When Scotland run out to play Ireland in their Pool A World Cup opener in Yokohama City on Sunday, there will be fans up and down the country back home cheering them on.
And all of those who have a connection with Alloa Rugby Club will be keeping an extra close eye on Grant Gilchrist - and bursting with pride - should the 29-year-old Edinburgh Rugby second-row be involved in the matchday 23.
That is because Gilchrist came through the ranks at the Clackmannanshire outfit whose first XV currently ply their trade in Tennent’s Caledonia Region League Division One.
And current Alloa youth co-ordinator Alex Jess knows Gilchrist well.
“It was myself, Henry Edwards and Grant’s dad Tommy who started up the minis P4 team that included Grant at Alloa RFC back in 1997, so we were his first coaches on his rugby journey,” Jess told TRU.
Brilliant news Grant. Well deserved and good luck ?? https://t.co/wv4EyBvuAd— Alloa Rugby Club (@alloarugby) September 4, 2019
“Grant has always held Alloa RFC in his heart. His grandad played here before Grant was born and his Dad and Uncle both played for Alloa as he was growing up. Indeed, Grant even managed to play in the same Alloa first XV as his dad at 17.
“Fast forward to this year and myself and Henry ran our first ever Summer Camp at the rugby club in August.
“During our preparations for the camp, we spoke to Grant and the other well-known players who have come through the club, the likes of Glenn Bryce, Kevin Bryce, Stuart Edwards and Sean Kennedy.
“Grant was the first one to offer to come down and see the youngsters and on the first day of the camp he arrived at the rugby club.
“He talked to the kids and answered their questions. Grant managed to easily relate to the kids telling them that he’d sat on the very bench, in the same dressing room that they were in now and that myself and Henry had been amongst the coaches who had guided him through his early years as he was introduced to rugby.
“That definitely caught the attention of the kids present, knowing that someone from Alloa, stood before them, had done exactly as they were doing now and had then gone on to do so much in the game.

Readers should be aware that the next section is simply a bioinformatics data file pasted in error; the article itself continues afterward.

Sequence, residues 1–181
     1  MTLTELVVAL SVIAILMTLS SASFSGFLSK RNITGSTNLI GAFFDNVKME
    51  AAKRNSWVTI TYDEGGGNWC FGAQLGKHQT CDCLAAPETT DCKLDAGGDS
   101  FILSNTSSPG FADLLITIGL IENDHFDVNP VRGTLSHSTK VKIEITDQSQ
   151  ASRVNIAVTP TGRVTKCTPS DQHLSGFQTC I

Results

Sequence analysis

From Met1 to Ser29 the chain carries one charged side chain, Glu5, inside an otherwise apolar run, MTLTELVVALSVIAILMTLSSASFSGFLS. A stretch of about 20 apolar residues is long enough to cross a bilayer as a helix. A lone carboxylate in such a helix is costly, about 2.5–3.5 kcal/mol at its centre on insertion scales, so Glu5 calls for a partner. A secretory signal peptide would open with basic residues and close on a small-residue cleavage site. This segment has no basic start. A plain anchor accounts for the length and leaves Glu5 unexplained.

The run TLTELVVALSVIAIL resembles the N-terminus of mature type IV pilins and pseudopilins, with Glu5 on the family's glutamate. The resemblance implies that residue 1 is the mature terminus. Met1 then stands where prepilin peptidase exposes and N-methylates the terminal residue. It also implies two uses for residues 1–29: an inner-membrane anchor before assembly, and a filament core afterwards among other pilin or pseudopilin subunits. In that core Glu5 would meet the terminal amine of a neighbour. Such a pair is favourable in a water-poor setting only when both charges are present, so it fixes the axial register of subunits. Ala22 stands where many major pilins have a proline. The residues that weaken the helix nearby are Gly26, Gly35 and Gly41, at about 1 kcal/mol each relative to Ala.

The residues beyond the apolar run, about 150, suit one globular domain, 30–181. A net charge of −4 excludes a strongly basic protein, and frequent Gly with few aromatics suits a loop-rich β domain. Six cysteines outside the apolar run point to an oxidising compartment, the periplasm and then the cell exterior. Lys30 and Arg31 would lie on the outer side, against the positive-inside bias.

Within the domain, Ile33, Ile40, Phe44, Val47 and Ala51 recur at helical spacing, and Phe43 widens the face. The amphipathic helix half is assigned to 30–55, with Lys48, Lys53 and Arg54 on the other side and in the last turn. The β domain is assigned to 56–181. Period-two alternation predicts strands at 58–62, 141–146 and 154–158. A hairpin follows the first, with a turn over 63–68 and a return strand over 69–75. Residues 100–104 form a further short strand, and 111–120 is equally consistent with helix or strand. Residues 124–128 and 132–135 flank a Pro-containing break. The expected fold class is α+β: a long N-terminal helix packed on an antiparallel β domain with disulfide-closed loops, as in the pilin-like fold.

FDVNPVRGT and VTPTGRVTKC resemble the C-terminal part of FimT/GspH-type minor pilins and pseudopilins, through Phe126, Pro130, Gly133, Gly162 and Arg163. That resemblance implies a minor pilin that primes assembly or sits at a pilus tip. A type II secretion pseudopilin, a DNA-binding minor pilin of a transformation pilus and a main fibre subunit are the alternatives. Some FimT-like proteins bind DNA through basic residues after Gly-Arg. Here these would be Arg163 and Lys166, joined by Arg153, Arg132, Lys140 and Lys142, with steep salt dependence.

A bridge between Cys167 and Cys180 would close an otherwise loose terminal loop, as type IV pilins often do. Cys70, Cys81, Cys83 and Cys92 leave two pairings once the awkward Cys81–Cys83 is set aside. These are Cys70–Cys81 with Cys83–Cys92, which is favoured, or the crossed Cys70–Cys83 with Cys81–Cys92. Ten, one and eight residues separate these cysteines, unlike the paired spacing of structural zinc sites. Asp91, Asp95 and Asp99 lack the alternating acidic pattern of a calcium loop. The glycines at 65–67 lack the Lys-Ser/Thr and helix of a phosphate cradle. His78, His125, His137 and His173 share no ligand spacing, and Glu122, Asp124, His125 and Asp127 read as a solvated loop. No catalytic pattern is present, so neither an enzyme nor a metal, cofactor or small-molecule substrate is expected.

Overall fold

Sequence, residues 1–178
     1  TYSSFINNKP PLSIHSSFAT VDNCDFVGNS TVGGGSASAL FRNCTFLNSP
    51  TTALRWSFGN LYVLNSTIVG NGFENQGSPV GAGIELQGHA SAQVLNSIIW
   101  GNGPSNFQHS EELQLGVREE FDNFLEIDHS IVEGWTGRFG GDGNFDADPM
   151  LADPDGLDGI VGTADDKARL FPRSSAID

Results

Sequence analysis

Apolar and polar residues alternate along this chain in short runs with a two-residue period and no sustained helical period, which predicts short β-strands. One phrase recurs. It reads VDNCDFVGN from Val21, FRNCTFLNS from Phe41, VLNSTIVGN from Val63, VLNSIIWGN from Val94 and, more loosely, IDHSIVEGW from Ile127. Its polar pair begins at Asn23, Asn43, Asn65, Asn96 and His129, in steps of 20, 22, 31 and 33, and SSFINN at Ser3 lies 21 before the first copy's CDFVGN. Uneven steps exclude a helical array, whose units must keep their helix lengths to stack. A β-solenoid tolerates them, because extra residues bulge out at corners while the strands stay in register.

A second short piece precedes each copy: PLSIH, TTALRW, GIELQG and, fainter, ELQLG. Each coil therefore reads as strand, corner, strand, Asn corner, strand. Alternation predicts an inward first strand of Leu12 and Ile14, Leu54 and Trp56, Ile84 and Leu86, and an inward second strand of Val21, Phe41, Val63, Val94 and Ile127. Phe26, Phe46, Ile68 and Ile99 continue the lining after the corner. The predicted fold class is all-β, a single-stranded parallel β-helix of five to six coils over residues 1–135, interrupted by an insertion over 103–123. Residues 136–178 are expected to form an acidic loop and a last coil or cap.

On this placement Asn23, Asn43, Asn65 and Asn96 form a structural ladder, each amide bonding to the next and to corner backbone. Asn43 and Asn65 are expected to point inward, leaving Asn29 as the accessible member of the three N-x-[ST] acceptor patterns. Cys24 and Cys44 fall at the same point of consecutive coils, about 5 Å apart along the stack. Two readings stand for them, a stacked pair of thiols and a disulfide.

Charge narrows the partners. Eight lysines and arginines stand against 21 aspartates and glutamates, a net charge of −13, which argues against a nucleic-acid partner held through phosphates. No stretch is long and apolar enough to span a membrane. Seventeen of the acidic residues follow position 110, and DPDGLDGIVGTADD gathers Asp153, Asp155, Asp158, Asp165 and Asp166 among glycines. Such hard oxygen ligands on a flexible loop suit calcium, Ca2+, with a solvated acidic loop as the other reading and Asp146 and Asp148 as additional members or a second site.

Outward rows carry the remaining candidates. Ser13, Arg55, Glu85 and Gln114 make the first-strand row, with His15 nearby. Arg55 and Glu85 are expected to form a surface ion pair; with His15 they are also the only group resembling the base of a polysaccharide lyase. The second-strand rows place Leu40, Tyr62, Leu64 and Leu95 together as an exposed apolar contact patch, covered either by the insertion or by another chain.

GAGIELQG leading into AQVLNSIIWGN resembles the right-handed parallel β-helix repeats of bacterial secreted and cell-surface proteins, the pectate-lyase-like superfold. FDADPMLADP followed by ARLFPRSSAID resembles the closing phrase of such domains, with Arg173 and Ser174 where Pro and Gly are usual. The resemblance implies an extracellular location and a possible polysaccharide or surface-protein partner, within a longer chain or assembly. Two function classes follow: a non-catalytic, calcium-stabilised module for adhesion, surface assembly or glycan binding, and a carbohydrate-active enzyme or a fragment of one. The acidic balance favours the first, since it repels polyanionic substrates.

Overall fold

“For many present, I think it was a first realisation that ‘hey, anything is possible’.”
Gilchrist, who is one of four second-rows with Scotland in Japan along with Jonny Gray, Ben Toolis and Scott Cummings, has 36 caps to his name and played at the 2015 World Cup.
Then his involvement was cut short by injury, but he was a star performer in Scotland’s warm-up games this time around and is at the peak of his powers.
He also left the Alloa youngsters with a number of powerful messages.
“Grant talked to the kids about just going out and enjoying rugby or any other sport they may be involved in,” Jess continued.
“He explained that things are not always going to be ‘highs’ and that along the way there will be ‘lows’ and stated that he had a huge low in rugby when he broke his arm just days after he’d been named captain of Scotland for the Autumn tests and due to complications, missed a large part of the next two seasons [2014/15 and 15/16 were tough for him].
“However, he told them how his setback had just made him more determined and delivered a powerful message to the kids that no matter what level of rugby they play, you have to have the attitude that it is there to be enjoyed.
He said ‘if you can’t enjoy it, then you won’t perform to your best’.
“We definitely saw an immediate uplift in the enthusiasm that the kids put into the rest of the summer camp, even during the final day which was wet, soaking and dreary the kids couldn’t wait to get outside and play rugby.
“The kids have watched Grant in the recent warm-up games and were delighted to see him picked for Japan.
“With over 20 years coaching experience behind me, I really do feel it Grant’s chat with the players has been a factor in how they have played their rugby early this season with freedom and smiles on their faces.
“It has been awesome to watch I have to admit and we will all be cheering Grant on when the tournament starts.”